Adalbert Cserni (1842-1916), who is considered Transylvania’s first archaeologist, is very much associated with modern archaeology in Alba Iulia. His family was Czech, and he arrived in Alba Iulia as teacher after completing his university education in the natural sciences and earning a doctorate in Cluj at the age of 40. He became involved in archaeology in the second half of his life. It is not unreasonable to suppose that his adoptive city’s past seemed enticing, with the scattered ruins of the two Roman cities to attract his attention. With the sensibility of a naturalist trained to observe the life of plants, he confessed later to his friend, scientist Alexandru Borza (1887-1971), what it was that drew him to archaeology: “I saw that plants stay the same and animals continue to thrive around Alba Iulia, because Mother Nature takes care of their perpetuation. Conversely, Apulum’s ancient artefacts disappear irrevocably and forever as soon as they come to light: their salvation is an imperious and urgent scientific duty. This is why I became an archaeologist.” He was to serve this professional duty with great dedication to the end of his life.
The establishment of the Society for History, Archaeology and Natural Sciences of Alba County in 1887 played an important role in Cserni’s decision to become an archaeologist, as he was entrusted with the construction of Alba Iulia’s first museum. Over the three decades he dedicated to archaeology, he carried out the first systematic excavations of ancient Apulum, discovering remains that have proven to be of great importance to the study Roman history. The value of this work was reflected not only in his publications, but also in the organization of the museum. The museum was located in a building in the Maieri neighbourhood. The interior of the building was arranged in Roman style, with walls painted in Pompeian red and replete with all sorts of Roman artefacts and sculptures. Cserni often spent his free afternoons here. He collaborated closely with Theodor Mommsen. He started out as an amateur historian but became a dedicated scholar of the classical history of the Dacian capital of Apulum.
Whilst carrying out excavations in the gardens of Alba Iulia garrison in the mid-1890s, Cserni observed a child watching his activity keenly. He allowed the child onto the site and began inviting him to the small museum to help with the work. That child was Alexandru Borza, who would grow up to become a natural scientist and long-term friend and collaborator of Cserni. As Borza amusingly recollected much later, “As I was a little child, he used me to measure the height of the Roman walls” – proof of which can be found in one of Cserni’s photos.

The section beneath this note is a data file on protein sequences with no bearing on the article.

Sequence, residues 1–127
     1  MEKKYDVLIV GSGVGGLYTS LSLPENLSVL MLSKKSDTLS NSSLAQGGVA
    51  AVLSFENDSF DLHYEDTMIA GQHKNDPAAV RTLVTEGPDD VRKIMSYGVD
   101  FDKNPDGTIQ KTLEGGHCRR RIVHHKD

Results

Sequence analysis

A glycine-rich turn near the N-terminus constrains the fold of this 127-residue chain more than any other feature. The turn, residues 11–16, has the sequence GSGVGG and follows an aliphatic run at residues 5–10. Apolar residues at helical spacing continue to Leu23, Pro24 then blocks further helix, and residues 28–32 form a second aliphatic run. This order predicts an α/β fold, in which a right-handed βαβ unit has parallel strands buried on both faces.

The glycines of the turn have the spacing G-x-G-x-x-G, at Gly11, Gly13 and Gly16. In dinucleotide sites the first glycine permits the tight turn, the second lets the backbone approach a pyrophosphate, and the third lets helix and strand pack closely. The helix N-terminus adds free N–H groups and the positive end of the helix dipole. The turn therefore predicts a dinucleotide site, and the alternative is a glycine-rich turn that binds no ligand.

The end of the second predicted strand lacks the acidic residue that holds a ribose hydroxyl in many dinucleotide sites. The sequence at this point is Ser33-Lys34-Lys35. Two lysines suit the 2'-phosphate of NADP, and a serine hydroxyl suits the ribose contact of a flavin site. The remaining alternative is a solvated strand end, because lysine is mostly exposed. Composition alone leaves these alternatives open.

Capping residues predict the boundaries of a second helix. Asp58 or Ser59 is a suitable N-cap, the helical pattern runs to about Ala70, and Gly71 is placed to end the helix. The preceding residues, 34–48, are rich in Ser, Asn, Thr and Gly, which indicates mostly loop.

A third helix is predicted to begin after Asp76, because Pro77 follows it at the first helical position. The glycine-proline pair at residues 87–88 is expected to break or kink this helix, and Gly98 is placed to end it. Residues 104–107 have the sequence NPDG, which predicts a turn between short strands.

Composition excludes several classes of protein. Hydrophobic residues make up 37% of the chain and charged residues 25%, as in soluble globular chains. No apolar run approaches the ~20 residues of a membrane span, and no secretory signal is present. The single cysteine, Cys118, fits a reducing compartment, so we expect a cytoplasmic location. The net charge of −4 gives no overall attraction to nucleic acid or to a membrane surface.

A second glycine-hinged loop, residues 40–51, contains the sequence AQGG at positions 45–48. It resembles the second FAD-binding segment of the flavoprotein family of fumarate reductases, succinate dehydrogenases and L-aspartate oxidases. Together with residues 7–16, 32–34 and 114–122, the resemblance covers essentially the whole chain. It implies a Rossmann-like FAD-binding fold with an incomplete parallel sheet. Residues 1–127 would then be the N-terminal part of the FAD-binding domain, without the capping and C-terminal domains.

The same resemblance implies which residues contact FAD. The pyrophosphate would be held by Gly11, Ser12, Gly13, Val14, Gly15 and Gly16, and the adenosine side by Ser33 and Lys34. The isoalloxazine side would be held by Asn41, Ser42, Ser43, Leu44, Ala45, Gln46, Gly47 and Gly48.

Born in Alba Iulia, Alexandru Borza was an accomplished naturalist and polymath who would go on to become Romania’s first geobotanist; founder of Cluj Botanic Garden, Retezat National Park and the Romanian Academy of Sciences; and a member of scientific societies in France, Switzerland, Finland and Germany. He was educated in theology, and was a Greek Catholic priest and honorary archpriest of Cluj.
The connections between Alexandru Borza and Adalbert Cserni were multiple and long lasting. They had common passions in the natural sciences and archaeology, the latter being born “among the ruins of the public baths, temples and streets of Apulum.” These intriguing surroundings nourished the young Borza’s passion for history and archaeology – a passion that would filter through into the articles and brochures he published as an adult, especially those dealing with Roman times. Borza’s indirect influence on the development of archaeology in Alba Iulia was significant. In a conference held in Cluj at the Congress of Numismatics and Archaeology in 1936, he warned delegates about the long absence of any archaeologists in Alba Iulia following Cserni’s death. Consequently, Constantin Daicoviciu charged Ion Berciu with the reorganization of Alba Iulia’s museum.
Cserni and Borza played a vital role in supporting Alba Iulia’s first archaeological institution. With their backgrounds in the natural sciences, they collected and studied the archaeological history of the city as carefully as a naturalist pressing a rare flower between the pages of a herbarium, demonstrating the utmost commitment to discovering and preserving the area’s unique heritage for future generations. (C.I.P.)